Gommecourt is a commune in the Pas-de-Calais department in the Nord-Pas-de-Calais region of France.
A small farming village situated 14 miles (22.5 km) south of Arras, on the D6 road.
Formerly within the ancient County of Artois, the village was redesignated within the new Department of the Pas de Calais after the French Revolution.
During most of the period of hostilities between 1914 and 1918, Gommecourt was in the front line of the Western Front, occupied by the German Imperial Army, and was virtually destroyed as a result of the violence to which it was exposed. The neighbouring villages of Hebuterne and Foncquevillers 800 yards or so to the west, being conversely in Allied Forces occupation, were used as the bases for an assault upon it carried out by the British Army on 1 July 1916, as a part of the Battle of the Somme offensive, which resulted in a severe defeat for the attacking force. The victorious German troops who defended the village during the battle were the 52nd Infantry Division from Baden together with 2nd Guards Reserve Division from Westphalia; the British Army force taking part in the attack comprised the 56th (London) Division and the 46th (North Midland) Division. Many of the assaulting force are buried in a number of local CWGC Military Cemeteries around the site, German casualties having been relocated further north after the war.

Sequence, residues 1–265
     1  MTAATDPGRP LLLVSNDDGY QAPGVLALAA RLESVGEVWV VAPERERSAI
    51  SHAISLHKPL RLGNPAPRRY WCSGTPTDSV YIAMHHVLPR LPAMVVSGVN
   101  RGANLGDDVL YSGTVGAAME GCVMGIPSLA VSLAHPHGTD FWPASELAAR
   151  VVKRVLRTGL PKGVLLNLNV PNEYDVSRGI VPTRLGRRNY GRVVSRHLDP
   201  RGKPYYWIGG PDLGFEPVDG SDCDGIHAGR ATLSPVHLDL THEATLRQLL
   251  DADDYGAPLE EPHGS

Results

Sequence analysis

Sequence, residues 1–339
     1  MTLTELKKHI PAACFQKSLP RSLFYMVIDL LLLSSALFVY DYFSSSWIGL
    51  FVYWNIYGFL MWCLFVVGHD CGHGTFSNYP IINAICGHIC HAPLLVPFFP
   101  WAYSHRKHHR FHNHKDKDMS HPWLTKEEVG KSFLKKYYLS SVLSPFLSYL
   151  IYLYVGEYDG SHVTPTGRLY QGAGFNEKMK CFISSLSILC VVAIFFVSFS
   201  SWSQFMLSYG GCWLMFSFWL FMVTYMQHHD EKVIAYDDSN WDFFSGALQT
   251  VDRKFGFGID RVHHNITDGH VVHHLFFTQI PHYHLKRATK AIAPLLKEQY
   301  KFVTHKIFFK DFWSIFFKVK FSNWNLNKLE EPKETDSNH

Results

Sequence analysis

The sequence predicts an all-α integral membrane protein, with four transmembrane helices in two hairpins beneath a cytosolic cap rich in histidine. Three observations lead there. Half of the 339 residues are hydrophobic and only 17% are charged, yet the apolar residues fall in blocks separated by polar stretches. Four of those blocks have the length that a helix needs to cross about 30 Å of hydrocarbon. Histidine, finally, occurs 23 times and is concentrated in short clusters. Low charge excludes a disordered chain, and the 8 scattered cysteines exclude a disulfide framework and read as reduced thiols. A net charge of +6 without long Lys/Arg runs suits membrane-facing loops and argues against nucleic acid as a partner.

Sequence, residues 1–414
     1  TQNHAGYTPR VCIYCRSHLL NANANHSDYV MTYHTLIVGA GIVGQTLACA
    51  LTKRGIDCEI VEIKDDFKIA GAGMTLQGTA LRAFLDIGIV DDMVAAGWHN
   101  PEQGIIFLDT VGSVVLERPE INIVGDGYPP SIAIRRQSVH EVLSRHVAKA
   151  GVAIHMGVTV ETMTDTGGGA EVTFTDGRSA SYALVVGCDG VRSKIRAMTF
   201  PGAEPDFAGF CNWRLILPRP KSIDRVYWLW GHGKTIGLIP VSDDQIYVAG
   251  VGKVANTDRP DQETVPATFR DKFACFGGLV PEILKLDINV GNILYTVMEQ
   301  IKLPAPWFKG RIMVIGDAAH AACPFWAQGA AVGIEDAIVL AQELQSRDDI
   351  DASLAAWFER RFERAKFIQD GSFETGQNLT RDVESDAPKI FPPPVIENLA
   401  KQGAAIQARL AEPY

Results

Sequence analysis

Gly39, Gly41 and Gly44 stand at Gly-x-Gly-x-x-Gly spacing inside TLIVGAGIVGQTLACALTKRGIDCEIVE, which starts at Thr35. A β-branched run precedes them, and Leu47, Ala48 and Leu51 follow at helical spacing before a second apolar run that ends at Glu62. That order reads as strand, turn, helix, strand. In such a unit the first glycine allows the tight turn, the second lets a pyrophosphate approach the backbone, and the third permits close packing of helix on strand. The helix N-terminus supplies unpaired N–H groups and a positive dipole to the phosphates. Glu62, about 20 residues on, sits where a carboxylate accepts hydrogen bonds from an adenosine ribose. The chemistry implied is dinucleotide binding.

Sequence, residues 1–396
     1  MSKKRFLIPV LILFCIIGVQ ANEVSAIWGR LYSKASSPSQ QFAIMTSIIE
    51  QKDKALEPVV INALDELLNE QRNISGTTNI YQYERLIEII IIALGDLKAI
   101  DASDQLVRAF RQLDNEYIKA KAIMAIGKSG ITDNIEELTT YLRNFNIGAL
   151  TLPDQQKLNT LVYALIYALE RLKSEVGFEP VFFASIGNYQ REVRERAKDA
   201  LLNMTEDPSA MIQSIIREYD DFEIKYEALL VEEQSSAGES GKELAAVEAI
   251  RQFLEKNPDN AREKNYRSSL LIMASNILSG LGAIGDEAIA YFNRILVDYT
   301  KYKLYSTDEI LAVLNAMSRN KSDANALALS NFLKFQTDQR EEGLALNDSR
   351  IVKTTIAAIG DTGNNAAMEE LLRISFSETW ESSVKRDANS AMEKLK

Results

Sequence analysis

Historical population of Gommecourt, Pas-de-Calais
Places of interest